India's current account deficit (CAD) widened from 5.4 per cent in the July-September quarter to a record high of 6.7 per cent of GDP in the October-December quarter, driven mainly by huge trade deficit, said a release by the Reserve Bank of India. This is much higher than the 6.4 per cent estimated by a CNBC-TV18 poll.
A surge in capital flows helped finance the current account deficit. "The pickup in capital flows was mainly due to foreign portfolio investment which rose to $8.6 billion during Q3 of 2012-13 from $1.8 billion in Q3 of previous year. While loans availed by banks and corporate sector amounted to $7.1 billion, net Foreign Direct Investment (FDI) declined to $2.5 billion in Q3 of 2012-13 from $5 billion in the corresponding quarter of 2011-12," the RBI release said.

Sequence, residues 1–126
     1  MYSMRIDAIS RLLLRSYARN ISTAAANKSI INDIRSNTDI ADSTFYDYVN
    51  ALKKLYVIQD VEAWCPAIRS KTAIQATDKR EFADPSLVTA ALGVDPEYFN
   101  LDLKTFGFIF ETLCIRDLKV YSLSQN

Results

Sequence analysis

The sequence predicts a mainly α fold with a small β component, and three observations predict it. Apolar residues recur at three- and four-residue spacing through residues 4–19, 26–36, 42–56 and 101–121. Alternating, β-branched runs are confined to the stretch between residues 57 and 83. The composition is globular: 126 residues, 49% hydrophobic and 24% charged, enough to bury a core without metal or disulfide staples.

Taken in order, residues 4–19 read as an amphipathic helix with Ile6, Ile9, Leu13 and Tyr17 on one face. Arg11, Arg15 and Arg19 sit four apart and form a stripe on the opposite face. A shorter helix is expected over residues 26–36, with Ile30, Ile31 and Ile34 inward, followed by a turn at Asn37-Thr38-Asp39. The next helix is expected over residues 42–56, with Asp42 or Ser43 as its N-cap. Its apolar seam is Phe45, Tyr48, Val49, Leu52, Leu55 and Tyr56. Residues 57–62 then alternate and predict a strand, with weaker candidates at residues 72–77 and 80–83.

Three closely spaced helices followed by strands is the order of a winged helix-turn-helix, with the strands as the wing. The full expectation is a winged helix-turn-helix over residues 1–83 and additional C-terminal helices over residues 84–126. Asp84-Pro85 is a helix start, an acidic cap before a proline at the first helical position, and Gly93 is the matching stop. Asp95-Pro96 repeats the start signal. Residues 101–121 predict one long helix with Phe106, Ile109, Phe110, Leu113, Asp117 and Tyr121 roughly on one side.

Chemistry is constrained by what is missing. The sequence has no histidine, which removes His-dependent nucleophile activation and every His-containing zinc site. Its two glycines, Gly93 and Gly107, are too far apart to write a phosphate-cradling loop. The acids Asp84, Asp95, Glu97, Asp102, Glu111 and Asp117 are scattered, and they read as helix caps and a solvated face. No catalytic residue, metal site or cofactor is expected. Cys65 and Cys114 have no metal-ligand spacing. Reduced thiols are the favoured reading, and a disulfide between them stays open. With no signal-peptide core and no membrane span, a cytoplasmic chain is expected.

Exports growth during the third quarter was muted as compared with a 7.6 per cent growth in Q3 of 2011-12, the RBI release said. Imports, however grew 9.4 per cent, spurred largely by oil and gold imports. This has resulted in the trade deficit widening to $59.6 billion in Q3, compared to $48.6 billion during the corresponding period of the previous year.